As noted in the Work History above, the third movement derives from Mahler’s setting of the Wunderhorn text “Des Antonius von Padua Fischpredigt.” This poem (given below) satirizes the legend of St. Anthony preaching to the fish in the river. The fish symbolize a congregation that listens attentively, but upon completion of the service, returns to daily life without have taken to heart the priest’s spiritual message. And Anthony too emerges as an ironical figure, since he seems perfectly content to deliver his sermon to a flock that cannot understand him.

Antonius zur Predigt
Die Kirche findt ledig.
Er geht zu den Flüssen
Und predigt den Fischen!
Sie schlag’n mit den Schwänzen!
Im Sonnenschein glänzen!

Die Karpfen mit Rogen
Sind all’ hierher zogen,
Hab’n d’Mäuler aufrissen
Sich Zuhörn’s beflissen!
Kein Predigt niemalen
Den Fischen so g’fallen.

Spitzgoschete Hechte,
Die immerzu fechten,
Sind eilends herschwommen,
Zu hören den Frommen!
Auch jene Phantasten,
Die immerzu fasten:
Die Stockfisch ich meine,
Zur Predigt erscheinen.
Kein Predigt niemalen
Den Stockfisch so g’fallen.

Gut’ Aale und Hausen,
Die vornehme schmausen,
Die selbst sich bequemen,
Die Predigt vernehmen!
Auch Krebse, Schildkroten,
Sonst langsame Boten,
Steigen eilig vom Grund,
Zu hören diesen Mund!
Kein Predigt niemalen
Den Krebsen so g’fallen.

Fisch große, Fisch kleine,
Vornehm und gemeine,
Erheben die Köpfe
Wie verständ’ge Geschöpfe!
Auf Gottes Begehren
Die Predigt anhören!

Die Predigt geendet,
Ein jeder sich wendet.
Die Hechte bleiben Diebe,
Die Aale viel lieben;
Die Predigt hat g’fallen,
Sie bleiben wie Allen!

Die Krebs’ geh’n zurücke;
Die Stockfisch’ bleib’n dicke,
Die Karpfen viel fressen,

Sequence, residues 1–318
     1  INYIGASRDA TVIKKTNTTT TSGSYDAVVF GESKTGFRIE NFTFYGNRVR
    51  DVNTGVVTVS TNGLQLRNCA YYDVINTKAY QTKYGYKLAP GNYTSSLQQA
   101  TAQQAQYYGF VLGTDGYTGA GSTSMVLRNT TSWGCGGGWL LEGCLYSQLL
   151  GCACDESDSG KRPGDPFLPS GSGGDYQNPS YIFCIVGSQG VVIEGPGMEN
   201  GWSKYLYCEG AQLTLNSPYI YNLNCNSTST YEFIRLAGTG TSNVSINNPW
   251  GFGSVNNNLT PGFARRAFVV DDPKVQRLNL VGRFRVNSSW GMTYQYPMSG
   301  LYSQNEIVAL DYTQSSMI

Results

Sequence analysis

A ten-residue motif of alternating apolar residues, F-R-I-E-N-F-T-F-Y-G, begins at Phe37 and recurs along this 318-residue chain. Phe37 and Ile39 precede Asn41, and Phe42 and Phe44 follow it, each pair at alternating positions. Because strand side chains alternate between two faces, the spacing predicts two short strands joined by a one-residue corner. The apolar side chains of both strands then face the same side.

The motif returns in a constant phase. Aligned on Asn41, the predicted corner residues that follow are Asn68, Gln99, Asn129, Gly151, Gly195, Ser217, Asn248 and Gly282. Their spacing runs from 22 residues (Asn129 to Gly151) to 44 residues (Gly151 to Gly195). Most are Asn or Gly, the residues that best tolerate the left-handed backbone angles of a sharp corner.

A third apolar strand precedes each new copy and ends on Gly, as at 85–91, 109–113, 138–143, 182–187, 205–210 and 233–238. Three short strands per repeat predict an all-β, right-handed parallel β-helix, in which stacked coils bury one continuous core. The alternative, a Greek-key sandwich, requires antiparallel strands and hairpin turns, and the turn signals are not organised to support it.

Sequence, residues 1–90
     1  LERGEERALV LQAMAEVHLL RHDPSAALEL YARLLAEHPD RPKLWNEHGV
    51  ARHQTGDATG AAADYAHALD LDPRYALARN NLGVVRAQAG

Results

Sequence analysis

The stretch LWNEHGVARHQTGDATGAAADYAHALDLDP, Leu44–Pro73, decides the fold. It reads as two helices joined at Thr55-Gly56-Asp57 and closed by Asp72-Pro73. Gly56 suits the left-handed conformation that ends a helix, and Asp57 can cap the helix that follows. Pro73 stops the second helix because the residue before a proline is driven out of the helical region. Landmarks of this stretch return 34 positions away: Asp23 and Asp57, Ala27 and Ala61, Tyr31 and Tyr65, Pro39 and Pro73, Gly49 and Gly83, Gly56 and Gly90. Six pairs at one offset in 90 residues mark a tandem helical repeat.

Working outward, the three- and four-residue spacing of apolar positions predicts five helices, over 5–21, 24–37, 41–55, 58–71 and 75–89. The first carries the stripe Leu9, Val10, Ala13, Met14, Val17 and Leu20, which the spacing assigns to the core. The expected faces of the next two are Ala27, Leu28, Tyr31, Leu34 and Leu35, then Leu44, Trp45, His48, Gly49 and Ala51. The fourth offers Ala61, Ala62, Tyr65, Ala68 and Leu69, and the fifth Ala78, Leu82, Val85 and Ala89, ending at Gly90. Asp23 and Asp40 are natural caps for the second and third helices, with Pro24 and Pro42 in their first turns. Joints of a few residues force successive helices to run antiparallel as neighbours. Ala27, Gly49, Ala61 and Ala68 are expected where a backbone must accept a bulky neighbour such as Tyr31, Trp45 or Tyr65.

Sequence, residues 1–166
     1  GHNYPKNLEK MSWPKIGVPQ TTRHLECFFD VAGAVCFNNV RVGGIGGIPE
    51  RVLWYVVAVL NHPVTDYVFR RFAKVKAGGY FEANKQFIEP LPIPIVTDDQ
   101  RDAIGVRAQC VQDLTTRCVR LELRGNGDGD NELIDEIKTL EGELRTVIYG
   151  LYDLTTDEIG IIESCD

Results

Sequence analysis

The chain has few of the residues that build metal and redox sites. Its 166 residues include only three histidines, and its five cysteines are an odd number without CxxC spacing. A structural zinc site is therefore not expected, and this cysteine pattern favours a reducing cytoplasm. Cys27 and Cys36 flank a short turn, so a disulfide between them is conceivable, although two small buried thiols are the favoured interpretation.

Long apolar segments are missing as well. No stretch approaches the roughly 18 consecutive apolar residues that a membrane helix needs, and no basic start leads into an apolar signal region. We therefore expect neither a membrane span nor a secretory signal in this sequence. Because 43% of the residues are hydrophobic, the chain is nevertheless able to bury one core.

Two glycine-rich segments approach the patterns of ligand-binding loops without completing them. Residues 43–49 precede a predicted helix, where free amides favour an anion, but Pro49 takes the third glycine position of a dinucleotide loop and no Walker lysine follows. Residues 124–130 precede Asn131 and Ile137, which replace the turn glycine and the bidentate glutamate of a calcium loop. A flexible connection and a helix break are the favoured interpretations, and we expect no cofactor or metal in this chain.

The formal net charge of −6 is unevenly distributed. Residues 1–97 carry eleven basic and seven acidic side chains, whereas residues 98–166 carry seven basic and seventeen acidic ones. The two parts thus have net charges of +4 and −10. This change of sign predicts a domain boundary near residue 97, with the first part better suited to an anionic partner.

Die Predigt vergessen!
Die Predigt hat g’fallen.
Sie bleiben wie Allen!

Antonius at sermon
Finds the church empty.
He goes to the rivers
And preaches to the fishes!
They whip their tails
Glistening in the sunshine!

The carp with roe
All are drawn here
Mouths wide open,
Intent listeners!
No sermon ever
Pleased the fish so!

Sharp-mouthed pike
That fight all the time
Swam here in a hurry
To hear the piety!
Even those oddities
That fast all the time,
I mean the stockfish,
Appear at the sermon.
No sermon ever
Pleased the fish so!

Good eels and sturgeon
That elegantly feast,
They force themselves
To hear the sermon!
Also crabs, turtles,
Usually slow runners,
Rise urgently from the ground
To hear this mouth!
No sermon ever
Pleased the crabs so!

Fish large, fish small,
Noble and common,
Raise their heads
Like intelligent creatures!
At God’s wish
They listen to the sermon!

The sermon ended,
Each one turns.
The pike remain thieves,
The eels great lovers:
The sermon has pleased,
But they all remain as before.

The crabs go backwards;
The stockfish stay plump,
The carp devour many,
Forgetting the sermon!
The sermon pleased,
But they all remain as before!

In the vocal versions of the Lied, the instruments (whether piano or orchestral) evoke the constant motion of the swimming fish, while the singer simultaneously relays the text and suggests the preaching of St. Anthony. (A recording of the Lied exists at this link. The symphony movement, however, leaves out most of the vocal melody. Mahler instead focuses on creating a sense of restless energy through constant rhythmic motion, swirling melodies, and dissonance. As the turning melodic lines move through various instruments, fragments of a slower-moving tune (i.e., the vocal line of Lied) occasionally emerge, often in the woodwinds.

A rumble in the brass and timpani—followed by a protracted whistle in the piccolo and flute—heralds the contrasting central portion of the movement. The materials Mahler next presents do not occur in the vocal “Fischpredigt,” though the section begins with a brass fanfare that clearly references the composer’s First Symphony. Restatement of this fanfare leads to the only lyrical passage in the entire movement, which Mahler marks as “Sehr getragen und gesangvoll” (“Very solemn and songlike”). The trumpets carry the melody here, with the support of undulating strings. But the respite proves short-lived, and a varied restatement of the Lied returns.

The composer most significantly departs from the previous statement of the “Fischpredigt” by interpolating further recollections of Symphony no. 1. These culminate in a dissonant outcry that constitutes the climax of the third movement. Mahler’s withdrawn programs describe this moment as either an outburst of despair or a cry of disgust, and these metaphors aptly characterize the passage. And as the Lied resumes, the tension abates, so that the composer may subtly anticipate motives that will figure prominently in the finale.